Aim: The purpose of this study was to assess the positive predictive value of the suspicious sonographic features of solid nodules of the thyroid. Materials and methods: After approval by our institutional review board, we evaluated 594 sonographically detected nodules on which fine needle aspiration biopsy had been performed from January to December 2005. Among these, pure cystic lesions and inadequate pathologic results were excluded. The remaining 530 solid thyroid nodules were analyzed by two radiologists. Each lesion was classified based on four sonographic features that suggested malignancy: microcalcifications; an irregular or microlobulated margin; marked hypoechogenicity; and a shape that was taller than wide. The sensitivity, specificity, positive predictive value, and negative predictive value of the each sonographic feature were calculated. Results: Final pathologic results showed that 97 (18.3%) of 530 nodules were malignant. The positive predictive values for malignancy in each sonographic feature were microcalcifications, 38.6% (39/101); an irregular or microlobulated margin, 28.2% (70/248); marked hypoechogenecity, 49.4% (38/77); taller than wide shape, 59.8% (49/82). In terms of relative risk, microcalcification [P<.01, relative risk (RR)=3.115, 95% CI: 1.724-5.628], hypoechogenecity (P<.01, RR=2.510, 95% CI: 1.290-4.881). The shape of nodule which was taller than wide (P<.01, RR=7.624, 95% CI: 4.156-13.986) revealed the highest predictive sonographic finding suggesting malignancy. However, margin is the least significant feature of detection of thyroid malignancy (P=.27, RR=1.395, 95% CI: 0.777-2.505). Conclusion: The three sonographic features of solid thyroid nodule, that is, microcalcifications, marked hypoechogenecity, and a taller than wide shape are meaningful findings in the diagnosis of thyroid malignancy. The shape that was taller than wide was the most reliable sonographic feature for predicting malignancy.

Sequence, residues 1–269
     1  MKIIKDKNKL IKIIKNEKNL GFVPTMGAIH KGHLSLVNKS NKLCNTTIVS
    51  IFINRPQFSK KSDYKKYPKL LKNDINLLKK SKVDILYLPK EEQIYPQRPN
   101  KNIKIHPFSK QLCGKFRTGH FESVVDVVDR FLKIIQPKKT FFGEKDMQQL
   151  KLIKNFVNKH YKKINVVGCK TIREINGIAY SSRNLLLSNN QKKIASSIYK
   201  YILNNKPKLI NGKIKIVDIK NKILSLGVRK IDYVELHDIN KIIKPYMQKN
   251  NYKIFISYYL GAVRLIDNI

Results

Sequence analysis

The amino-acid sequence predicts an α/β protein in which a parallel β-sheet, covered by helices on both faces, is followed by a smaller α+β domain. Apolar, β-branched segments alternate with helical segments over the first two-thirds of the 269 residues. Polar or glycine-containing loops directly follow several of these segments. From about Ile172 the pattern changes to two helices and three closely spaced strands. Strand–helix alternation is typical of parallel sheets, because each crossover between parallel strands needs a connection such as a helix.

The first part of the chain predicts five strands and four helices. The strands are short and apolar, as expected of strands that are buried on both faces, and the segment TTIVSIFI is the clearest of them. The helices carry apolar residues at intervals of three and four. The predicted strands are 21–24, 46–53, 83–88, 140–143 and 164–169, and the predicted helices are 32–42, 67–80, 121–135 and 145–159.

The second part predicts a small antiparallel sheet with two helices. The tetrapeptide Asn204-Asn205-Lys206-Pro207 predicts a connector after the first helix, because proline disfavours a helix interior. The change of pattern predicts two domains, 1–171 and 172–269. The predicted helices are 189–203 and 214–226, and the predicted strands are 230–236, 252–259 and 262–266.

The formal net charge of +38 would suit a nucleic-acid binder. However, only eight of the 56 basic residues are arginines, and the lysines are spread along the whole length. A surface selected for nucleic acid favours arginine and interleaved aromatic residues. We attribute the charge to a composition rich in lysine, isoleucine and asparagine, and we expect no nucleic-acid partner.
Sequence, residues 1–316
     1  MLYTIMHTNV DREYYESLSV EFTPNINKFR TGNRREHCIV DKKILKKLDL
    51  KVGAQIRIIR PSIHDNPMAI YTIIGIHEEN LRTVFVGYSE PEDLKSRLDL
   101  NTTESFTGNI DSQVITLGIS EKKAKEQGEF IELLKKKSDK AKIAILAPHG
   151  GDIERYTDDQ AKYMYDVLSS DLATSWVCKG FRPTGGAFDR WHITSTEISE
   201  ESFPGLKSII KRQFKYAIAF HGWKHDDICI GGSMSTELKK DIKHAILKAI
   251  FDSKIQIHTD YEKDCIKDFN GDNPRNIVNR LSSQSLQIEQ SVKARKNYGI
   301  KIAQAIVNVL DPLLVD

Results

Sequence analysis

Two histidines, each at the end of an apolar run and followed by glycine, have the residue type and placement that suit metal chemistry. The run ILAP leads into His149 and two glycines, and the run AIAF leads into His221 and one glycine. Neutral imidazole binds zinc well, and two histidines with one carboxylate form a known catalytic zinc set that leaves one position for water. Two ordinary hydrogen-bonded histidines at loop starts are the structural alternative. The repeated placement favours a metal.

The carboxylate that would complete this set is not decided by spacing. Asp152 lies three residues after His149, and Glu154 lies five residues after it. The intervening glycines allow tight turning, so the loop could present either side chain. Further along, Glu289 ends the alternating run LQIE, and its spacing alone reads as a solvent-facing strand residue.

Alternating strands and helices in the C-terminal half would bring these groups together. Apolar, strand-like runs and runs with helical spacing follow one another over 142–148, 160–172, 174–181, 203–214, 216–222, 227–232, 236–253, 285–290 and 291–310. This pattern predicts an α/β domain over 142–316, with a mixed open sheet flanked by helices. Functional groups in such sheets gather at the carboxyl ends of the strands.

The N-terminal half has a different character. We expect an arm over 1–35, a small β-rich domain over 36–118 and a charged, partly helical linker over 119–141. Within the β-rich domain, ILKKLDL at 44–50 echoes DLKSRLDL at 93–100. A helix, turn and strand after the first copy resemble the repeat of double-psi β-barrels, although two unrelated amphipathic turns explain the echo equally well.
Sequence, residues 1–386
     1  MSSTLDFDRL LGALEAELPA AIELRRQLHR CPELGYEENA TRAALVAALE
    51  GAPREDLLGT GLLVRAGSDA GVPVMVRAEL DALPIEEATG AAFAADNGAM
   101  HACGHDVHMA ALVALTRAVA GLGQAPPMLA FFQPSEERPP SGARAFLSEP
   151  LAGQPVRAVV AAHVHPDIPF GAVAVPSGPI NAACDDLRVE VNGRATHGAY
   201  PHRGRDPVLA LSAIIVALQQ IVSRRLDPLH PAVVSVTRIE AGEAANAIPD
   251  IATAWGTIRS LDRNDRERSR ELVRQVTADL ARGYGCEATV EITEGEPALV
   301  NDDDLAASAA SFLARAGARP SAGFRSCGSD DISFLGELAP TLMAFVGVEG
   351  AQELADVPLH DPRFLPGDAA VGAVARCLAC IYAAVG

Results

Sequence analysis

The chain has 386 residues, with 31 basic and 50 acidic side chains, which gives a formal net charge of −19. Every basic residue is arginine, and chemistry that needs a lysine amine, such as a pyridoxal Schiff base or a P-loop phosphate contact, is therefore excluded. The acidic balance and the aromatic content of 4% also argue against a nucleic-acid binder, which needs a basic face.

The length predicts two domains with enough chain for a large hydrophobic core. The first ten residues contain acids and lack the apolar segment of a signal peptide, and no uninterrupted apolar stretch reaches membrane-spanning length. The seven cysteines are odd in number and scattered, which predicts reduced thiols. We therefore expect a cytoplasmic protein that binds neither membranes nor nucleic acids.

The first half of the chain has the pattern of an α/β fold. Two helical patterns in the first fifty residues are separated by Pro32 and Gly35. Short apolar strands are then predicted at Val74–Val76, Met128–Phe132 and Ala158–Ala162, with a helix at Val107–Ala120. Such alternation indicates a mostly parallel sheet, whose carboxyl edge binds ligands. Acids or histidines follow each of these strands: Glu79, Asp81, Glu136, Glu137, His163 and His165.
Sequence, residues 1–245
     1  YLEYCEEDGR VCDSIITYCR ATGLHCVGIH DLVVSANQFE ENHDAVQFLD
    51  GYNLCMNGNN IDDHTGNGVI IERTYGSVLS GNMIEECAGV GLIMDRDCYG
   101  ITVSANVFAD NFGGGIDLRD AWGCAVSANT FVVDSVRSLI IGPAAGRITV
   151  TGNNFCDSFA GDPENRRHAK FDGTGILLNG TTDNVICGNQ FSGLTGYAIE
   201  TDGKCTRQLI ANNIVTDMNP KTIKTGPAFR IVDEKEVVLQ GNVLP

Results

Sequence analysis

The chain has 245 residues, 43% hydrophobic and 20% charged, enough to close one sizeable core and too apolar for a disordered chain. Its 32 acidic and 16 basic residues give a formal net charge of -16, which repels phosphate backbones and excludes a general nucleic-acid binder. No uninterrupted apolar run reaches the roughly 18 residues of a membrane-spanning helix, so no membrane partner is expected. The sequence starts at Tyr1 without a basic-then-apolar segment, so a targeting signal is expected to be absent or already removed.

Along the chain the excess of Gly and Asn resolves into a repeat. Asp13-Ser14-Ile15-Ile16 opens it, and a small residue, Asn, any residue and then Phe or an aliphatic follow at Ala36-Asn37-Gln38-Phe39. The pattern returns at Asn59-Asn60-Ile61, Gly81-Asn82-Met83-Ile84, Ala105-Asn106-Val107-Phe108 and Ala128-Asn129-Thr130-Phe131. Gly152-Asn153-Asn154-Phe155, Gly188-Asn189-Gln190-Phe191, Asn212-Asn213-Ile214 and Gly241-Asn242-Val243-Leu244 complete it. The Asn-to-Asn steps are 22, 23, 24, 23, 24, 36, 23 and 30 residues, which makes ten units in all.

All Science Journal Classification (ASJC) codes
- Radiology Nuclear Medicine and imaging